Aperture Tuning Component Responses

    It’s important to choose aperture tuning switches, capacitors and inductors with the best performance. Some guidelines include the following:

    Tuner Switches:

    • Use switches with low RON and COFF to minimize loss in the system.
    • Use high-linearity tuner switches to avoid impact on radiated spurious emissions (RSE) and TIS.
    • Switches must be multimode for tuning 2G/3G/4G/5G standard frequency ranges.
    • Switches should be capable of handling high RF voltages for broadband antenna applications.

    Tuning Components:

    • Use capacitors with a capacitance value greater than 0.5 pF to avoid using a component with high tolerances.
    • Avoid using inductors with an inductance value greater than 36 nH.
       

    #3: RON, COFF and removing unwanted resonance

    Two critical characteristics of aperture tuning switches significantly affect antenna efficiency: on resistance (RON) and off capacitance (COFF). Aperture switches are capacitive in their OFF (COFF) state, and they’re resistive in their ON (RON) state. If an inductor is connected to the RF port for tuning, then the combination of COFF and inductance will cause unwanted resonances. In other words, when the switch is in the OFF state, the resonance mechanism is destined to exist. To suppress this resonance, tuner switches have an internal switch to shunt to ground.  

    The next figure shows an SP4T tuner switch that is connected between an antenna and tuning elements, to tune the antenna to different frequency bands. The antenna is connected to a tuning capacitor via the RF3 port, whereas the other three ports are switched OFF. The ON state resistance between the antenna and RF3 port is replaced with RON, and the parasitic OFF state capacitance between the antenna and RF1, RF2 and RF4 ports is emulated using COFF. This ground path capability helps eliminate the resonances caused by the capacitances generated from the off-switch ports. In the image below, on the bottom right, the black line shows resonance, while the orange line shows no resonance.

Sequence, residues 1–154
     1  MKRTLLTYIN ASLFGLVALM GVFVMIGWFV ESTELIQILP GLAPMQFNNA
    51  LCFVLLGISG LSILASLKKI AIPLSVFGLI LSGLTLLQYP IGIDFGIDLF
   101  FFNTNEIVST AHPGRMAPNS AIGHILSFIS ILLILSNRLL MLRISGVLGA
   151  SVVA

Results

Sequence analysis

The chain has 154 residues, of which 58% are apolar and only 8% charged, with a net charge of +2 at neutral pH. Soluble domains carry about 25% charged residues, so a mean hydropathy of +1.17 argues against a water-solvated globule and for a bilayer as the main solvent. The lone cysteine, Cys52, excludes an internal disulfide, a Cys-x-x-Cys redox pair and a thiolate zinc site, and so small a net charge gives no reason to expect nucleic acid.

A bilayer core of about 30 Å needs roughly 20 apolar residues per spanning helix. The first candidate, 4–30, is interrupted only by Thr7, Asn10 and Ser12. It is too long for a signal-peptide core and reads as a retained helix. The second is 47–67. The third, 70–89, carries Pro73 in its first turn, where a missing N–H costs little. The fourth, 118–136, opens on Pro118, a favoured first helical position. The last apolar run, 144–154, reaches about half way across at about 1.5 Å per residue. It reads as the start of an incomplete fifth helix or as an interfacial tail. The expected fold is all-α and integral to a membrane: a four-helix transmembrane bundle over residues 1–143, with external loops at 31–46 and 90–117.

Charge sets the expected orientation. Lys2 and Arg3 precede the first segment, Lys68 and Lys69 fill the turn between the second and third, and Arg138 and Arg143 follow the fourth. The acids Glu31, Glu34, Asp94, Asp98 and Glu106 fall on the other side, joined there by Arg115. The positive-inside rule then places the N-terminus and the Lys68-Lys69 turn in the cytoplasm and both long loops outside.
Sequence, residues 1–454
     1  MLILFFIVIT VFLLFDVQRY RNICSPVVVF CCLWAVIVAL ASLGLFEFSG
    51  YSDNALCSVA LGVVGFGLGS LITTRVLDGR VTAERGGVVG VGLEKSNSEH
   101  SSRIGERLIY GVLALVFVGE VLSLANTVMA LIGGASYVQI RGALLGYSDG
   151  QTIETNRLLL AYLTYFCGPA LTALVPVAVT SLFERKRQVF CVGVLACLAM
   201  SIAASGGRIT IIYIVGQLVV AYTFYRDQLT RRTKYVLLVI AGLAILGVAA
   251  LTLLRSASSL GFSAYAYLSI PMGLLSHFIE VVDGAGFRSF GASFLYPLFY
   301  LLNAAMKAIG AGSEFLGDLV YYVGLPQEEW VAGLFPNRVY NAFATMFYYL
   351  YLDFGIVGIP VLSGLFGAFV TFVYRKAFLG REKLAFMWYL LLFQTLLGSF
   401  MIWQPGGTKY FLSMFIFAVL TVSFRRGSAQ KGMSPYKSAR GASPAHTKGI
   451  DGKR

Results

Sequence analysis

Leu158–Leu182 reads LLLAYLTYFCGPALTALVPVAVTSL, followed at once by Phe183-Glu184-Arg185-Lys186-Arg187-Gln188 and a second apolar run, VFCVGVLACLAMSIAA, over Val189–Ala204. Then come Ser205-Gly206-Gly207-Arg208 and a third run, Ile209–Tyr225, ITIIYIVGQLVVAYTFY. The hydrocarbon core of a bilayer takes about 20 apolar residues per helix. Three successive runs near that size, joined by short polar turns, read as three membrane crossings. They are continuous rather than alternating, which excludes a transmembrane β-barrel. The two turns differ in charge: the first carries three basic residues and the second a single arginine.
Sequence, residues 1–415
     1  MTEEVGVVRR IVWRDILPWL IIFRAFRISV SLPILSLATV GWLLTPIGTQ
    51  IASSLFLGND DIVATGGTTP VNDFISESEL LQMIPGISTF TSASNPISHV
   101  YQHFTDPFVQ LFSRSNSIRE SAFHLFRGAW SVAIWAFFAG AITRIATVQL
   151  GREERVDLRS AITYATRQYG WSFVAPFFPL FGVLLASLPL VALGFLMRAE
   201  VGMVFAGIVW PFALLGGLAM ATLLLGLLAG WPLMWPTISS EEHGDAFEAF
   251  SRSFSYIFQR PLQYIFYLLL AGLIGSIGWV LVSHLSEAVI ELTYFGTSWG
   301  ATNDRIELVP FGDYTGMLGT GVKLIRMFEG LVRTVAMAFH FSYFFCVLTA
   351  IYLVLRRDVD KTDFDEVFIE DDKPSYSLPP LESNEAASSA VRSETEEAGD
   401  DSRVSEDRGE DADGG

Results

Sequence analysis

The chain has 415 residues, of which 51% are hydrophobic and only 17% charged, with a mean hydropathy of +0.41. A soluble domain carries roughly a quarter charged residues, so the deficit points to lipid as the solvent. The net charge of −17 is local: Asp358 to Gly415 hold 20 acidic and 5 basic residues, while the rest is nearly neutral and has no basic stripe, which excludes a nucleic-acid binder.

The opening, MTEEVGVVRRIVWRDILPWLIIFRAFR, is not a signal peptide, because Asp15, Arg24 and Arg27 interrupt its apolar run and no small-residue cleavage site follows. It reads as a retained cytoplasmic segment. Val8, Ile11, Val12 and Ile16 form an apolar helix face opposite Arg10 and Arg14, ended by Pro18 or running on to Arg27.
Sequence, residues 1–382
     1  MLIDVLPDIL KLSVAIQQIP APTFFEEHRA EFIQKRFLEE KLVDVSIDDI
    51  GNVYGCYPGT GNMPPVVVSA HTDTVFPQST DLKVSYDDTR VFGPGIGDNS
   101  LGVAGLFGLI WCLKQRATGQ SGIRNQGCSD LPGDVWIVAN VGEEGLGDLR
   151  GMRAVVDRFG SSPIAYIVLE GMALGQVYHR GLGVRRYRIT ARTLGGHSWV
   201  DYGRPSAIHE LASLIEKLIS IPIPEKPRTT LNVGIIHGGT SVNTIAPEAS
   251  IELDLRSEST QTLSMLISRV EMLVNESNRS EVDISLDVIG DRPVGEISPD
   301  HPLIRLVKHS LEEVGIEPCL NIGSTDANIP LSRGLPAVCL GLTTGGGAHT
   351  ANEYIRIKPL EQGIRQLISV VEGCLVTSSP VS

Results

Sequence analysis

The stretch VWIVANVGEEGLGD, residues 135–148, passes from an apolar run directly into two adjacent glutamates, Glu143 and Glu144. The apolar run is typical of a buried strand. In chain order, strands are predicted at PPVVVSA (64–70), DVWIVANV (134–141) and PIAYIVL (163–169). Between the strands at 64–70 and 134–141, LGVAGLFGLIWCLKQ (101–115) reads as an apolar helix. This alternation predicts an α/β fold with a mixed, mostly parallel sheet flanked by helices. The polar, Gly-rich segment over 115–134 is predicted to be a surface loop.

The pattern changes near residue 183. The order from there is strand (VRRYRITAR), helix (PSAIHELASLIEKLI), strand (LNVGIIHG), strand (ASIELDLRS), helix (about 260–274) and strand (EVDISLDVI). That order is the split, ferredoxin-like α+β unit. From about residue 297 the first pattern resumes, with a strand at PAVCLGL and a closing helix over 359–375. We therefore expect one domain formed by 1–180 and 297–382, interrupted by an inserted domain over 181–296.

Removing Resonance Using Grounded “Off” Ports

    Decreasing RON can improve antenna efficiency in both inductive and capacitive tuning by several dB, with a large impact on a handset’s overall RF performance. Low COFF is similarly important. However, RON and COFF have differing impacts depending on the location of the antenna tuner and the voltage distribution. Learn more about RON and COFF in our free e‑guide, How to Implement Aperture Tuning: Best Practices for 4G/5G Smartphones.
     

    #4: Aperture tuning and carrier aggregation

    CA combines two or more LTE carriers, often in different frequency bands, to deliver increased bandwidth and higher data rates. Due to the limited total number of antennas in handsets, this often means that a single antenna must communicate on two bands simultaneously.

    Using aperture tuning switches can help meet smartphone requirements for CA:

    • Aperture tuning is used to support the CA combination of Band 39 and Band 41, which is commonly used in China.
    • Placing a switch near each frequency’s peak voltage allows high-efficiency tuning of each band with minimal impact on the other band.
    • Placing a tuning switch near the peak voltage of a resonant frequency has the greatest tuning effect on that frequency.
       

     

    Go in depth: Antenna tuning for 5G smartphones

    5G can’t happen without proper antenna tuning. To learn more about aperture tuning in your mobile handset designs, download our free e-guide, How to Implement Aperture Tuning: Best Practices for 4G/5G Smartphones.
     

    View our Antenna Tuning products.

    Free E-Guide: How to Implement Aperture Tuning

    Learn best practices for aperture tuning in 4G/5G smartphone antennas.

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    How to Implement Aperture Tuning: Best Practices for 4G/5G Smartphones

     

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    Abhinay Kuchikulla

    About the Author

    Abhinay Kuchikulla
    Senior Marketing Manager, Mobile Devices

    Abhinay leads the product strategy and direction for Qorvo’s mobile antenna control solutions, working closely with customers to understand and solve their problems and design the smartphones of the future.